Communist China has rapidly modernized its military. It is no longer a “near peer” threat, but is a peer adversary. It is a serious threat to our allies like Taiwan, Japan, Philippines and South Korea, as well as a real threat to Guam, Hawaii, and other American targets.
China is our No. 1 threat as outlined in the well-formulated 2017 National Security Strategy and 2018 National Defense Strategy. The United States needs to rapidly respond to Beijing’s rapid military rise.
China has acquired cutting-edge technology and military capability “by all means possible” – including theft – to modernize its military. China is a significant threat in such areas as hypersonic missiles, nanotechnology, high-performance computing, quantum communications, space systems, artificial intelligence, autonomous systems and robotics.
China invested heavily in long-range cruise missiles that are aimed at our bases, planes, airstrips, ships and ports across the Pacific. While our leadership cut the defense budget during sequestration, China took advantage to ramp up theirs. In the last 10 years, China had a 750% growth in their defense spending. Do we need to respond? Yes we do.
Communist China’s military is not about defending freedom. They have strong ambitions to dominate and project power. How do we know? They tell us. They publish books on how they are 70 years along in a 100-year war to dominate and defeat the U.S. They have large military parades showing off the latest missiles and technology. Our challenge with China is more than unfair trade, monetary manipulation, stealing intellectual property, and not following international rules of engagement. Are we listening?
President Trump is the first president in 30 years to proclaim China a bad actor and a significant threat – a menace more than a market. Strength is the only way to deal with such a strong adversary.
In 1956, when communist leader Nikita Khrushchev told the western world “History is on our side. We will bury you!” – we took that threat seriously. Communist USSR had no intention of coexisting peacefully and they wanted to expand their empire to international domination. Communist China is no different. They plan to dominate Asia, the Pacific, and beyond – even the Arctic.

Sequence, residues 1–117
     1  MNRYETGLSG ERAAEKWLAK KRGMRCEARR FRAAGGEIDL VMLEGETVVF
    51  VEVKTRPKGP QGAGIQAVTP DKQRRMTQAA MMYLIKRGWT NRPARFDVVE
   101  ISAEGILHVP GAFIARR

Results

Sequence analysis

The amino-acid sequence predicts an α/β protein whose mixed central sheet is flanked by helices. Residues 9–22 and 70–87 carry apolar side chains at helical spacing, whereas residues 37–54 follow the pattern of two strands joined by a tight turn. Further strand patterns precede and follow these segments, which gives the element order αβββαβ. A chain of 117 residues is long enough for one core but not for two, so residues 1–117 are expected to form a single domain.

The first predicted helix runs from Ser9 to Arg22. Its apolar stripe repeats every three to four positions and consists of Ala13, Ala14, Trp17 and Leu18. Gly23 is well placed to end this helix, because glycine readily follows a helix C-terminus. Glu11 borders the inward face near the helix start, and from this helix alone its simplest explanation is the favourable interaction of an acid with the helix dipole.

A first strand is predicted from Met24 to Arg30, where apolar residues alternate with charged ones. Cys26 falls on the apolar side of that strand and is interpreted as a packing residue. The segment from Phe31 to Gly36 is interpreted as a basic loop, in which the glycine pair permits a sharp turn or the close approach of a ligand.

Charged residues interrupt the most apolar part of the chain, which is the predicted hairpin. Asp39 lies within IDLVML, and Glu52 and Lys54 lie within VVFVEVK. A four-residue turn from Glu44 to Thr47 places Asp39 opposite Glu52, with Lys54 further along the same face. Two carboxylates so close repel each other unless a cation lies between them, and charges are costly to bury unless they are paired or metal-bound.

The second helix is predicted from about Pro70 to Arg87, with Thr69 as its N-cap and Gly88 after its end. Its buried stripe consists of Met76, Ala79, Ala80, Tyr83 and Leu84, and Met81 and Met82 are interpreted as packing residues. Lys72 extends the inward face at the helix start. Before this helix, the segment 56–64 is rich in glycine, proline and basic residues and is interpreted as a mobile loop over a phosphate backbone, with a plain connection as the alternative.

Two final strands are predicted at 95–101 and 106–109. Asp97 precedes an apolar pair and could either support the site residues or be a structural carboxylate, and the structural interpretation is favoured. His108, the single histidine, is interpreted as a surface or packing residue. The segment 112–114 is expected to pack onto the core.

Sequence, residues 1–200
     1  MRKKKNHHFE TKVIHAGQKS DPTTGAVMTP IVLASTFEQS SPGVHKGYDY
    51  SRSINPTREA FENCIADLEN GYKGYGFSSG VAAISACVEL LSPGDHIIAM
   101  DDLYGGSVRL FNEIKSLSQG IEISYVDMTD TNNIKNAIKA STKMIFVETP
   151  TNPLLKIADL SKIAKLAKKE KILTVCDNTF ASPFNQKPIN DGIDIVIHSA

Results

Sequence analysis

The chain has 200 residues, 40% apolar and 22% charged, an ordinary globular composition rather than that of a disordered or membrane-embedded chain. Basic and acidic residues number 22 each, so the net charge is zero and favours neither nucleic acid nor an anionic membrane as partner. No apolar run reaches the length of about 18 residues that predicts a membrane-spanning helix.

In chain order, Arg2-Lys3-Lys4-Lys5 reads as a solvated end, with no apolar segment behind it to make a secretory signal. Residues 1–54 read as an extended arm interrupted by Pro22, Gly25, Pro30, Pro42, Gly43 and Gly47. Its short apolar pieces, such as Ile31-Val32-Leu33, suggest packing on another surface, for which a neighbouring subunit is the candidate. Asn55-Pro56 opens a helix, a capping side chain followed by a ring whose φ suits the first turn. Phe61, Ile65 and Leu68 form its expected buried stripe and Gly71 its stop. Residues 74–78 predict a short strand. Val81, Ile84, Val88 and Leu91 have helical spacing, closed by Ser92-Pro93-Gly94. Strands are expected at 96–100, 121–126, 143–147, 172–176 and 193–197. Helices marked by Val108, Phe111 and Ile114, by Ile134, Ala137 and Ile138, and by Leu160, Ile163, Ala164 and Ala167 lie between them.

Besides the formidable China threat, we also face major threats from armed Russia, Iran, North Korea and terrorists. This is no time to dally and delay on defense budgets.
Because of funding sequestration, many Air Force aircraft are operating beyond their expected lifespan. The numbers of airmen dropped to levels not seen since before World War II. Shortages in maintainers, pilots, cyber-workers and others with critical skills have been persistent and difficult to overcome. Years of sequestration resulted in the smallest, oldest, and an Air Force not ready for new threats. We need to modernize and restore. Over the last two years the Pentagon initiated aggressive and strategic modernization efforts to meet the challenges we face.
These modernization efforts require consistent, timely and predictable funding from Congress. Absent that, a rapid response and momentum is not possible. American security will further erode. Our military may find themselves outgunned and outmatched in a future conflict with an increasingly capable Chinese military. They have not slowed down so we can catch up.
Unfortunately our government has been functioning under a continuing resolution (CR) since Oct. 1, which freezes funding at last year’s appropriation levels. Under CR, needed budget adjustments and programmatic changes cannot be made. Those changes are essential to meet the new military threats we face.
The current CR ends Nov. 21. Lawmakers are considering a second stopgap CR until Dec. 20. Congress needs to change course and do its job to fully fund Defense for its authorized programs and capabilities for fiscal year 2020.
Extending this CR again and again will only be a self-inflicted wound, an unnecessary threat to rebuild, restore and modernize our Air Force, Navy, Army and Marines.
Most members of the Senate and House Defense Armed Services and Defense Appropriations Committees understand the threat and support our service members. Other lawmakers are too busy with impeachment to pay attention to the real threat to our nation. Lawmakers may disagree passionately on a variety of issues, but it is wrong to put our military in the middle of partisan crossfire.
Bruce Gjovig is active with the Grand Forks Base Retention efforts and developing Grand Sky (the nation’s first UAS airport), and serves nationally as a member of the US Air Force Civic Leaders Program appointed by the USAF chief of staff.